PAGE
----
If a recession comes to the U.S., experts predict it will hit at the end of 2019 or in early 2020, but will not have as great an impact on housing and employment as the Great Recession.
Unemployment may tick up, with fewer jobs coming online, but experts do not anticipate widespread layoffs or foreclosures as was the case in 2008 and 2009. Realtor.com chief economist Danielle Hale says, “We’re at a record-low level of unemployment. The economy can’t stay here." She forecasts a recession beginning within the next two years. "This one will be mild."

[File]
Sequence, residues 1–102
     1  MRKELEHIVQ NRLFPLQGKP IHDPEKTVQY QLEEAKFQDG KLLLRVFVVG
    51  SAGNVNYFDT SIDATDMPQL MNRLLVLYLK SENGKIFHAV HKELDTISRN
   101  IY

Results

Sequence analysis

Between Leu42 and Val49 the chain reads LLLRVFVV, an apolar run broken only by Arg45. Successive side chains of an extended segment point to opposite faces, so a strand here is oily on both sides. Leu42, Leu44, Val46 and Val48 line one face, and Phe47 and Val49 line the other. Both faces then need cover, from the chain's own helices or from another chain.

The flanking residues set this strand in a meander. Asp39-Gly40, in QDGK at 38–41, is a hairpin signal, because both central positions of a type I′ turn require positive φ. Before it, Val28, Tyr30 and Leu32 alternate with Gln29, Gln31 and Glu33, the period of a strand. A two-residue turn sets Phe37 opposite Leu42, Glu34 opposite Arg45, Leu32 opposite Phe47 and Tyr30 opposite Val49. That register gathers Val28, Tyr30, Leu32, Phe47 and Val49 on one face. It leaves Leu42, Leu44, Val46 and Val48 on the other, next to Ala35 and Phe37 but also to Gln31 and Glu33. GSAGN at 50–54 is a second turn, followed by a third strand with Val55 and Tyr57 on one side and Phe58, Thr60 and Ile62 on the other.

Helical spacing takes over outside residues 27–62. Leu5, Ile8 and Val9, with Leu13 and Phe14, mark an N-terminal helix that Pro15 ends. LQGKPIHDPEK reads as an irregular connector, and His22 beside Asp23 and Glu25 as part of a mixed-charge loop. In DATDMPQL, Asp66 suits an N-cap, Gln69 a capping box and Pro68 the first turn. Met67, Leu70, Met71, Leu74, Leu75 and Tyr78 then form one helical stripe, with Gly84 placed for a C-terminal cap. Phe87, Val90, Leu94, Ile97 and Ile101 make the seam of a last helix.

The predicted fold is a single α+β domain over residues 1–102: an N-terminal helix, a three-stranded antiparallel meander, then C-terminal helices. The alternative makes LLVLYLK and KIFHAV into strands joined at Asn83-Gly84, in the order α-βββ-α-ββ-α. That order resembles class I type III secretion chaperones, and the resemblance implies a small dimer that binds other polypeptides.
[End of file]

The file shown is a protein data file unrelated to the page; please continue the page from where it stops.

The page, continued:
"We're just scared because of what happened last time. And that's not what's going to happen [again]," says Lisa Sturtevant, a housing consultant and chief economist at Virginia Realtors, the state's real estate association. If there is another recession, she says, "most people are not going to lose their house. Most people are not going to lose their jobs.” That's a relief to hear—but then again, few experts predicted the last housing bust.